Date:

Underwater archaeologists uncover 2,000-year-old Roman ship

A multi-national team of archaeologists have discovered a preserved 2,000-year-old Roman ship in the sea off Sukošan off the coast of Croatia.

The discovery was made by the International Centre for Underwater Archaeology, which has been working in cooperation with the German Archaeological Institute and a multi-national team.

- Advertisement -

Underwater archaeologists first identified a possible wreck site back in 2021, after finding pieces of wood and coins that were minted during the reign of Emperor Constantine.

This led to a full-scale underwater survey that has exposed nine metres of the ship’s hull, buried in layers of sand at a depth of two metres in the vicinity of the Roman port of Barbir.

The underwater ruins of Barbir were first discovered in 1973, with ongoing surveys and aerial photographs revealing evidence of submerged structures and two peers, suggesting that the port was a major trading hub during the Roman period.

Preliminary dating has suggested that the ship is around 2,000 years old from sometime during the 1st or 2nd century AD, during the first construction phase at Roman Barbir.

- Advertisement -

Samples of the hull has been sent to France for further analysis, in the hope that a more definitive date can be determined and to find out whether the construction material was local or came from other regions.

Although parts of the ship have sustained damage due to shipworms, the entirely of the outer frame has been preserved and maintains its shape relatively intact.

For the moment, the wreck will be buried in layers of sand, geotextile and stone to preserve the remains, but the team plans to return in 2023 to expose the remainder of the hull.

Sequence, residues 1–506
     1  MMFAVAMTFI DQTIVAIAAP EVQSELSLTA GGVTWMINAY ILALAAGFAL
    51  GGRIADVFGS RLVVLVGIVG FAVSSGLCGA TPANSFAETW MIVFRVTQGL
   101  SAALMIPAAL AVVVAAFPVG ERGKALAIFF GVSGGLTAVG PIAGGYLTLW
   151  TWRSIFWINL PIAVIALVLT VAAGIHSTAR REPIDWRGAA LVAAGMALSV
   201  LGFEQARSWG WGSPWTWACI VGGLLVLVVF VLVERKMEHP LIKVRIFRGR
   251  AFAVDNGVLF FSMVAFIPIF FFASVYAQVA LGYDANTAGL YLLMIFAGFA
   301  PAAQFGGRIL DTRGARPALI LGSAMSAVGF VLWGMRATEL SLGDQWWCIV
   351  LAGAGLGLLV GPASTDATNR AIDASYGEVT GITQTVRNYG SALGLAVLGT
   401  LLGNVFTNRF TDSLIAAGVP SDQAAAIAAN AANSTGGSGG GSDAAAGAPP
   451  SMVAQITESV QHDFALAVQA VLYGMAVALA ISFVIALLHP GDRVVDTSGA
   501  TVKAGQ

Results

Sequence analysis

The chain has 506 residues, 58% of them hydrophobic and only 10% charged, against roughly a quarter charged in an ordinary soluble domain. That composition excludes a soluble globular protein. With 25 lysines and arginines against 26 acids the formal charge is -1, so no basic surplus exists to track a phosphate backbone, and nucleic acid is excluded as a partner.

Header Image Credit : Zadarski.hr

- Advertisement -
spot_img
Mark Milligan
Mark Milligan
Mark Milligan is multi-award-winning journalist and the Managing Editor at HeritageDaily. His background is in archaeology and computer science, having written over 7,500 articles across several online publications. Mark is a member of the Association of British Science Writers (ABSW), the World Federation of Science Journalists, and in 2023 was the recipient of the British Citizen Award for Education, the BCA Medal of Honour, and the UK Prime Minister's Points of Light Award.
spot_img

Mobile Application

spot_img

Related Articles

Archaeologists search crash site of WWII B-17 for lost pilot

Archaeologists from Cotswold Archaeology are excavating the crash site of a WWII B-17 Flying Fortress in an English woodland.

Roman Era tomb found guarded by carved bull heads

Archaeologists excavating at the ancient Tharsa necropolis have uncovered a Roman Era tomb guarded by two carved bull heads.

Revolutionary war barracks discovered at Colonial Williamsburg

Archaeologists excavating at Colonial Williamsburg have discovered a barracks for soldiers of the Continental Army during the American War of Independence.

Pleistocene hunter-gatherers settled in Cyprus thousands of years earlier than previously thought

Archaeologists have found that Pleistocene hunter-gatherers settled in Cyprus thousands of years earlier than previously thought.

Groundbreaking study reveals new insights into chosen locations of pyramids’ sites

A groundbreaking study, published in the journal Communications Earth & Environment, has revealed why the largest concentration of pyramids in Egypt were built along a narrow desert strip.

Soldiers’ graffiti depicting hangings found on door at Dover Castle

Conservation of a Georgian door at Dover Castle has revealed etchings depicting hangings and graffiti from time of French Revolution.

Archaeologists find Roman villa with ornate indoor plunge pool

Archaeologists from the National Institute of Cultural Heritage have uncovered a Roman villa with an indoor plunge pool during excavations at the port city of Durrës, Albania.

Archaeologists excavate medieval timber hall

Archaeologists from the University of York have returned to Skipsea in East Yorkshire, England, to excavate the remains of a medieval timber hall.